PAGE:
[Click here to start from the first progress log]
The last progress log ended with Polka randomly inviting Fauxpin into the forest to show him something. Is it some kind of eldritch horror? Perhaps a stash of decapitated heads belonging to all of the sensible people who refused to be her friend? No, of course not; those things would be interesting, and Eternal Sonata takes place in Vanilla jRPG Land. She actually just wants to show him some flowers that serve as a heavy-handed metaphor for her “ticking time bomb” situation.
Addressing the Woody Allenphant in the room
“Also, you look like a 39 year-old man who’s hanging around my impressionable 17 year-old daughter late at night. But I’m going to let this slide because parenting.”
Killing pelicans in the name of goodness
It’s probably possible to get through the upcoming boss fight without any grinding, but it’s definitely a bit easier if Polka and Fauxpin gain some levels. Especially since the timing required to block is really precise, and a level or two can make a big difference as far as damage and damage reduction are concerned.
A giant monster pig appears in the forest, and our heroic nobodies suddenly become incredibly serious about murdering it. Now, focusing entirely on attacking isn’t a great idea because of how much damage this boss can inflict, but both Fauxpin and Polka have special attacks when standing in the light that heal the most damaged party member, and that allows Fauxpin to focus on attacking while Polka heals. Of course, you could do it the other way around, but she attacks a bit slower than he does.
Warning: not-at-all-forced metaphor ahead
After the two have established human dominance over the innocent forest critters, they finally reach the spot with the flowers Polka wanted to show off. These flowers only bloom at night, and while they’re beautiful, most people don’t like them because bad things happen at night and therefore darkness is evil. By the transitive property, then, the flowers are also evil. “Isn’t this short-sighted,” Eternal Sonata almost appears to ask, chiding the player for moral dualism so comically over-simplistic that it’s quintessentially inhuman. It’s basically the uncanny valley, except for morality.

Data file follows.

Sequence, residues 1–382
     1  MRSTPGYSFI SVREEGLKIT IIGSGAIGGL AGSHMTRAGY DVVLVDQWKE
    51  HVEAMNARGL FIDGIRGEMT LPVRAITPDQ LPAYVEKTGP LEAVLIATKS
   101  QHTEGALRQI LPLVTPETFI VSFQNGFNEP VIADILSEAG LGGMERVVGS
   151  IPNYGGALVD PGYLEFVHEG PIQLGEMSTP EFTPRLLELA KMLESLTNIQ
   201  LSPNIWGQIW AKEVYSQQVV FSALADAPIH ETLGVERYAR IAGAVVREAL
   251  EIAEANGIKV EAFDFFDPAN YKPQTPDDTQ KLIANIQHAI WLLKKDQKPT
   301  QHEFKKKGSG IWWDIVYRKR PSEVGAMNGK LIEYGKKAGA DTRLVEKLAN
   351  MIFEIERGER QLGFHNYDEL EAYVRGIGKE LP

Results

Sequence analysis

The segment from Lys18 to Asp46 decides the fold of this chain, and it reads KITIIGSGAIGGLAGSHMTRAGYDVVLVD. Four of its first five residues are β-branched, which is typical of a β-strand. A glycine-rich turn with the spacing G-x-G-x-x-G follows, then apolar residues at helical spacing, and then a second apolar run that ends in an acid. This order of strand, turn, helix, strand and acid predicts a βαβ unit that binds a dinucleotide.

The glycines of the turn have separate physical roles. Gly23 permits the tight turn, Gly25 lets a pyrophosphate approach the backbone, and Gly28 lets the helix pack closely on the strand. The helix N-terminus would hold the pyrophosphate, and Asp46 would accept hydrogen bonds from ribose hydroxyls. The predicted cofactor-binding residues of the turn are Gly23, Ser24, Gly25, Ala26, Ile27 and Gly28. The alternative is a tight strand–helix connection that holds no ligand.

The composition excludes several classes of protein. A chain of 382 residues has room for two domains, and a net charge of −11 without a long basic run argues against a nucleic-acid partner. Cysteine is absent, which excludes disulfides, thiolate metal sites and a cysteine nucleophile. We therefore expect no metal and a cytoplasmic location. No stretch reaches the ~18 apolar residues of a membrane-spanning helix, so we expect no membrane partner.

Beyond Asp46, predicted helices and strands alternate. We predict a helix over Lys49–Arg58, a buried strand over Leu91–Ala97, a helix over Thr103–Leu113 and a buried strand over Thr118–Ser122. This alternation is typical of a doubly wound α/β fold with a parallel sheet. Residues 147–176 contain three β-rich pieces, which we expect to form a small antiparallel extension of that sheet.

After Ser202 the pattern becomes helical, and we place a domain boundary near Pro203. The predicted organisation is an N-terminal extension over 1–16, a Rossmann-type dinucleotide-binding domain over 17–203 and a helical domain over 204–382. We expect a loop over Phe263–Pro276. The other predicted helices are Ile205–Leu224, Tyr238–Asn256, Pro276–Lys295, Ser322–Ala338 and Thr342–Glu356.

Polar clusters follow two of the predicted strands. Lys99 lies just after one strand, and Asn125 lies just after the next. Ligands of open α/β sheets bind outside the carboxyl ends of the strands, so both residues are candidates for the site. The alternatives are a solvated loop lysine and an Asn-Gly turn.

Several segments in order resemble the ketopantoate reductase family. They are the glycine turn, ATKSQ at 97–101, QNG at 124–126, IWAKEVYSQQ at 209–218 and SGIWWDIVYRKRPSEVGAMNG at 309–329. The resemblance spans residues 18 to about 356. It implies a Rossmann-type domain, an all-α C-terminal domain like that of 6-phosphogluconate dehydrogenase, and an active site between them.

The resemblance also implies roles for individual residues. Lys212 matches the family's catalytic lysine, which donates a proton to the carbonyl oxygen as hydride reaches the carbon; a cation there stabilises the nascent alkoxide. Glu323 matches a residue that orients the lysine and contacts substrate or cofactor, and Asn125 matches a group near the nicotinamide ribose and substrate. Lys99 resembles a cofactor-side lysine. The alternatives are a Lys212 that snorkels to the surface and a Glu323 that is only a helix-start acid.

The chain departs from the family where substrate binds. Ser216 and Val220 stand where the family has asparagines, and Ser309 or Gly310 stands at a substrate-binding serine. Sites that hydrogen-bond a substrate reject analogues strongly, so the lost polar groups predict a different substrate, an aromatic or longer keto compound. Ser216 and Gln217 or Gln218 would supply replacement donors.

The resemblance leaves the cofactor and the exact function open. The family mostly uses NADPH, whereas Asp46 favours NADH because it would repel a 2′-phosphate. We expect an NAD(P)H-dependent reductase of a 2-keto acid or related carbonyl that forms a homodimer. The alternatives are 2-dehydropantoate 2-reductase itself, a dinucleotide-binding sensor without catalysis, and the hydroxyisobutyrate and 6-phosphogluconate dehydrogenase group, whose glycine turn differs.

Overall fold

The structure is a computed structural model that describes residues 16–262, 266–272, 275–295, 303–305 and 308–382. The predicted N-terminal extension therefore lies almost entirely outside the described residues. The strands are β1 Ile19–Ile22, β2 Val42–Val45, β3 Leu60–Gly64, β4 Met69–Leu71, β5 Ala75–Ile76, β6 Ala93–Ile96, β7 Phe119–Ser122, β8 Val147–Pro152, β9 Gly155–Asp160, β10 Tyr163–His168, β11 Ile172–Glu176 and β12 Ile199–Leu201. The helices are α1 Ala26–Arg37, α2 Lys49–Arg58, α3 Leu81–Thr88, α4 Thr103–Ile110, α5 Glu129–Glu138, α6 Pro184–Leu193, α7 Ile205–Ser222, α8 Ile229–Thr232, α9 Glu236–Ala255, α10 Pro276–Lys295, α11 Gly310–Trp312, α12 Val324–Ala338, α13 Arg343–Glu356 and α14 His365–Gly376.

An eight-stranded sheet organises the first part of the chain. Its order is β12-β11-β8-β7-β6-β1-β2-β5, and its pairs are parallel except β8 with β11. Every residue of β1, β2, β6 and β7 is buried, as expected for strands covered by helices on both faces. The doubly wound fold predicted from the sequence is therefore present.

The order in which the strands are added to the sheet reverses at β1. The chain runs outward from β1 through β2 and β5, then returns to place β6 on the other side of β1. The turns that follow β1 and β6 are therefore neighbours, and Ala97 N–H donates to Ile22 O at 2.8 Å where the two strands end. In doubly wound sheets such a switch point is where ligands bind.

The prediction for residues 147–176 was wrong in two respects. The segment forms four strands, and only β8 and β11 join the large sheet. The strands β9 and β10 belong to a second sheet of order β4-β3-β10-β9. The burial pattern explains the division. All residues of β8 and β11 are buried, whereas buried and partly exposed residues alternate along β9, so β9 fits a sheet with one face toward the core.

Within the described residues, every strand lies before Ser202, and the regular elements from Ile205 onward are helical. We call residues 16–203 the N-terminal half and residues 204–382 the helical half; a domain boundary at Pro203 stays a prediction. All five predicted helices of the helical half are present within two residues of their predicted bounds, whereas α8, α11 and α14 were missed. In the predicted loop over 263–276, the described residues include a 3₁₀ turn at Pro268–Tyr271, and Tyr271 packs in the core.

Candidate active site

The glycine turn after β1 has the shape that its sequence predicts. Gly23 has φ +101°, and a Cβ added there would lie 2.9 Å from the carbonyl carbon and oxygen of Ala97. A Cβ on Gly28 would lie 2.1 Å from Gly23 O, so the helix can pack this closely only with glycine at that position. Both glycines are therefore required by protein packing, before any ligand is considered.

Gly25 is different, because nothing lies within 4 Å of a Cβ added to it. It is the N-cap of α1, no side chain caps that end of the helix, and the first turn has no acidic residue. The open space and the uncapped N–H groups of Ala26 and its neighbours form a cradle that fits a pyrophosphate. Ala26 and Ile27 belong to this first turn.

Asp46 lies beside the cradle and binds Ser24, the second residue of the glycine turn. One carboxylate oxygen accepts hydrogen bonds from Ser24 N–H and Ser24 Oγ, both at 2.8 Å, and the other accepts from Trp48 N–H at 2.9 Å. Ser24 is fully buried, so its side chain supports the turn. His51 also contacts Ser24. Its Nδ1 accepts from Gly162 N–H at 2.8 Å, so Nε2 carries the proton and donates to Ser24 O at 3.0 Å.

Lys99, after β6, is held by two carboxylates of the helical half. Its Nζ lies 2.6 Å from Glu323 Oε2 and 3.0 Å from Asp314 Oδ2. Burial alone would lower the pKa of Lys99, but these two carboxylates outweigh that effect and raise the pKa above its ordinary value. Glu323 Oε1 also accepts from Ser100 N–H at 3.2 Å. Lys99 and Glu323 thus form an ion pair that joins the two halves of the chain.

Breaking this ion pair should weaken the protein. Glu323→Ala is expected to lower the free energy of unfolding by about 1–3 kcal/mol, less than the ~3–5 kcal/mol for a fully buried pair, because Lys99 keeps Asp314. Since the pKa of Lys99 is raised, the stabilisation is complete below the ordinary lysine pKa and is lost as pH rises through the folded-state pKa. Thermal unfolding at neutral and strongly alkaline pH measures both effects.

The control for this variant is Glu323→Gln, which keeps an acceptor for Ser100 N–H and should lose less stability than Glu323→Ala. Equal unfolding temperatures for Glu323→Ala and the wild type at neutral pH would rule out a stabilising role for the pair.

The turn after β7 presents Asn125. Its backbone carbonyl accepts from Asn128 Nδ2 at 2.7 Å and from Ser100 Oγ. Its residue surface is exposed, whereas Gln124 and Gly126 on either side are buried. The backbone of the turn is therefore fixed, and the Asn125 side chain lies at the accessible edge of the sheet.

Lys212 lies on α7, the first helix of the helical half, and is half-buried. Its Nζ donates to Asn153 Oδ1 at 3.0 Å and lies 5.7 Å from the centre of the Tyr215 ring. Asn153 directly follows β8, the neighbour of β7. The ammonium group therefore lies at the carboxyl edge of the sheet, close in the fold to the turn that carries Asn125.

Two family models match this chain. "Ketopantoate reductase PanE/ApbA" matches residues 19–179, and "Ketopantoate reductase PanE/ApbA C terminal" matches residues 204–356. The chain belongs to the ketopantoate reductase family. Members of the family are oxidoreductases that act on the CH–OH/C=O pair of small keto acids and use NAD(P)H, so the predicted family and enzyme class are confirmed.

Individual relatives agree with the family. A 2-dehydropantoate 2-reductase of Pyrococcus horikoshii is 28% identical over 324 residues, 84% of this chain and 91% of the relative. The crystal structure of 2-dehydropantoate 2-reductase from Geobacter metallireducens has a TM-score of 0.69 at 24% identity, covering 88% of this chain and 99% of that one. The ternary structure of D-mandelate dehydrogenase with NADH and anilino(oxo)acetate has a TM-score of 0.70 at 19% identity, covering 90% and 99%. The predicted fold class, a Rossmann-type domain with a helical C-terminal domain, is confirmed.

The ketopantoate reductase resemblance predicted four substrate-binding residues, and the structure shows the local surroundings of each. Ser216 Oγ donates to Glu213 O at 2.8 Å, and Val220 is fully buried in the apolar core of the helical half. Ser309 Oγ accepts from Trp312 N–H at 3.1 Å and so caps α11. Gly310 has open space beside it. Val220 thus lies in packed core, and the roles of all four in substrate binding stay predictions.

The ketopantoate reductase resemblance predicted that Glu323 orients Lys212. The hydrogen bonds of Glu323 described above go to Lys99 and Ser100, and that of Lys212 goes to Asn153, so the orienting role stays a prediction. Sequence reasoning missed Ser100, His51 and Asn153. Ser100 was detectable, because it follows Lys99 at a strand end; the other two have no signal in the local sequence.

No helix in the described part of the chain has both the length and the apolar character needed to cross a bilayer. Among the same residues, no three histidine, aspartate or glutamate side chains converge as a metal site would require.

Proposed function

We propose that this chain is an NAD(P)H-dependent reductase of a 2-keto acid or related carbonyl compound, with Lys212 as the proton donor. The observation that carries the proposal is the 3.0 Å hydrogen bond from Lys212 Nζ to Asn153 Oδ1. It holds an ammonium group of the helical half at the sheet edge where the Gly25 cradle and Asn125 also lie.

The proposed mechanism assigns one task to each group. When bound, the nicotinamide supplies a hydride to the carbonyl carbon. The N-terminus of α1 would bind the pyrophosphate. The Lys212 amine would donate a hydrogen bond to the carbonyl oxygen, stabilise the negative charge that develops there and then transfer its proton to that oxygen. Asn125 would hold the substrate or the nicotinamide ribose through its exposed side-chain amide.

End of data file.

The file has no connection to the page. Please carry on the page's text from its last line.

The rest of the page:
Some gameplay changes
After Polka and Fauxpin’s boss fight, the party level went up. All that basically means is that character time can’t be stopped mid-turn anymore. It stays frozen at the start of their turn like before, but it can’t be frozen again once they start moving. It pays to be comfortable with everyone’s special moves, then, so it’s helpful to switch your light/dark special attacks around until you find something you’re comfortable with. Personally, I’m fine with the defaults for now. Annoying secondary character Beat has a move that takes pictures instead of attacking, and that can be weird, but I also sold some of the crappy pictures he took for 12,000 gold. That could be useful.
Another change is that attacking now builds up “echoes.” This isn’t much beyond a shared party combo counter that isn’t reset by enemy attacks. It is reset by special attacks, however, and using a special attack when the counter is high causes it to do more damage. The best strategy is to do a bunch of normal attacks to build up the counter, then perform a special move that hits a bunch of times (because those extra hits count toward the next combo counter) to give you a head start on the next one.
It’s also revealed that some monsters change into more powerful forms with different attacks depending on whether they’re in the light or dark part of the stage. I don’t remember how prevalent or important this is off the top of my head.
And then it’s time for another boss fight
Allegretto and Beat don’t have the ability to heal outside of using consumable floral powder, so ending the fight as quickly as possible here is probably the best strategy. The little mouse guys can’t damage Allegretto because I did a little grinding beforehand, so everyone can focus on the boss (though it’s not a big deal if Beat starts shooting at one of them; it builds up echoes either way). This fight is really simple: everyone just attacks normally a bunch, then Allegretto uses his Sun Slash attack to land a bunch of hits and do a ton of damage. Rinse and repeat.
Finally, a weird history lesson
I had totally forgot about these little “did you know” sections that cover parts of real-life Chopin’s life while going through a slideshow of somewhat random photographs. This is my favorite Chopin song, so I didn’t really mind the sudden break, though at 3:30 the text confuses “lead” and “led.” That’s something that I’ve encountered frequently enough lately for it to drive me a little crazy. So much darkness.
[Click here to go to Eternal Sonata log #1]
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